NYC Administration for Children's Services
NYC Administration for
Six Years of Reform
in Children’s Services 96 200
Mayor Michael R. Bloomberg
1996-2002 Reform Update Commissioner William C. Bell
The new ACS Children’s Center, which opened in Manhattan in 2001 after a $67 million landmark
renovation, has enabled ACS to provide a state of the art facility to serve children and train child
protective staff. The building offers children entering the foster care system a welcoming, friend-
ly and comforting atmosphere and a range of services. The Center is also home to the Satterwhite
Training Academy, where caseworkers receive upgraded training in a modern training center. The
building is the citywide operations center for the Emergency Children’s Services, whose staff
respond to and investigate overnight and weekend reports of abuse and neglect. Designed by
McKim, Mead & White as part of the Bellevue Hospital complex, the landmark building is listed
on the National Register of Historic Places.
ef Six Years of Reform
in Children’s Services
1996-2002 Reform Update
he Administration for Children’s Services is far better managed
“ than its predecessors; it has committed itself to policies,
such as neighborhood-based services, that are in line with
the best national thinking about child welfare reform; it has added substan-
tial resources in critically needed areas; it is far better able than ever before
to hold accountable private not-for-profit agencies, which provide the large
majority of foster care and related services; and it is undertaking promising
changes, such as the widespread use of family case conferences, to strength-
en front-line practice. Mayor Bloomberg’s appointment of William Bell, who
has played a central role in the system’s progress over the past six years, as
the new ACS Commissioner, encourages us, and many other observers, to
believe that these important efforts can serve as a foundation for even
greater accomplishment in the future. ” — Concluding Report of the
Special Child Welfare Advisory Panel
March 18, 2002
What They’re Saying About
Reform at ACS...
“For the first time in two decades, it is safe to say that the child welfare agency
is making major progress…Sound administration and compassionate leader-
ship have replaced the chaos that existed before ACS was separated from the
city’s vast Human Resources Administration in 1996…ACS’ reinvention means
that fewer young lives are being placed in jeopardy. Even if it’s only one little life,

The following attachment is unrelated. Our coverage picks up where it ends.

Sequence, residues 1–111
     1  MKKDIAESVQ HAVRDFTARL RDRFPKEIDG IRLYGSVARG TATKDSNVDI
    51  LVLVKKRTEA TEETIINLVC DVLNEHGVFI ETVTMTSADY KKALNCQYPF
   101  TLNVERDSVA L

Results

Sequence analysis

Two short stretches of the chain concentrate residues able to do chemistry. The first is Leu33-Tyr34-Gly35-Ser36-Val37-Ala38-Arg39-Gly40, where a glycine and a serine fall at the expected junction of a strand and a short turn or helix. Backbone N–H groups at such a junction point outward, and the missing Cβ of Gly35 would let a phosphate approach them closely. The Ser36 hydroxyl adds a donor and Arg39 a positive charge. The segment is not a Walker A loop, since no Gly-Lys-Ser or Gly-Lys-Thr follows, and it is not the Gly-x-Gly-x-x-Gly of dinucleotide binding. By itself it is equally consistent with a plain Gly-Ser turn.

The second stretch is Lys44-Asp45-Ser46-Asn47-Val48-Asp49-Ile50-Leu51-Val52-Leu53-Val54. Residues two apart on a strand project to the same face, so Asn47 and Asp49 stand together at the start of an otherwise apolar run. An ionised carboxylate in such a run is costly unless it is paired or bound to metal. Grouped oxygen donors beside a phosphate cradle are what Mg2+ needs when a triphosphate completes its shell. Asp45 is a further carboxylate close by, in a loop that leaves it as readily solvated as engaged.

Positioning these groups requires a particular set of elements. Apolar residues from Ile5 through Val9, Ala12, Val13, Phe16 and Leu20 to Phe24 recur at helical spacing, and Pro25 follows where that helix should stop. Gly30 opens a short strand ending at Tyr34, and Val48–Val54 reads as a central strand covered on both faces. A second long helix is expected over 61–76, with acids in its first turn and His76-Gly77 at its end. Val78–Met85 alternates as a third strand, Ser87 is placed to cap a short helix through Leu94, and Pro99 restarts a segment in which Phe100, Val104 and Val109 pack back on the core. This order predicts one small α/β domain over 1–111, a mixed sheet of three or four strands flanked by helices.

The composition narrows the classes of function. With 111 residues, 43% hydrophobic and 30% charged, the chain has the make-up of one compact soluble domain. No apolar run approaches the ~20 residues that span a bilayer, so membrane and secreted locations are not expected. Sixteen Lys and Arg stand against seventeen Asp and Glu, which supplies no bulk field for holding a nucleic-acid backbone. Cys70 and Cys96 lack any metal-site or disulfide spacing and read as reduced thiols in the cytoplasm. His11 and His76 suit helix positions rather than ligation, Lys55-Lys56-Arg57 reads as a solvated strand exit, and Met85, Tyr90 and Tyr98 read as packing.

that’s worth cheering.”
—Daily News editorial “Saving the Children”
December 8, 1999
“We believe that ACS has engaged over the past several years in a sustained,
intelligent effort to change a complicated and difficult system… The record of
accomplishment already compiled by ACS should be the public’s best evidence
that it can demand further change with confidence that it can be accomplished.”
—Final Report of the
Special Child Welfare Advisory Panel
December 8, 2000
“Recent reforms by the Administration for Children’s Services have helped
to reduce the median length of a child’s stay in foster care... Adoptions have
increased in the past three years. Equally significant is the drop in new admis-
sions to foster care in the past year, suggesting that caseworkers
are making better assessments about the need to remove a child from a trou-
bled family. Caseworkers are now given more training, and more families are
being offered counseling services so that children can stay home.”
—New York Times
December 7, 1999
A New Phase of Reform
he road to reforming New York City’s children’s
services system began in January 1996 with the
establishment of the Administration for
Children’s Services (ACS).
For the first time in the City’s history, all child protec-
tive, foster care, adoption, child support and child care
services were placed in one, independent agency, with
its own budget, management structure and vision for
In just six short years, ACS transformed a child welfare system that was
deeply flawed. A panel of five national child welfare experts cited “remarkable
progress” and noted that ACS had done more to transform itself into a mod-
ern, compassionate system than any other such child welfare agency in the
Now the new City administration led by Mayor Michael R. Bloomberg and
the new leadership team at ACS have embarked on an ambitious second
phase of reform. During this phase, ACS will continue to build a strong and
effective neighborhood based children’s services delivery system across our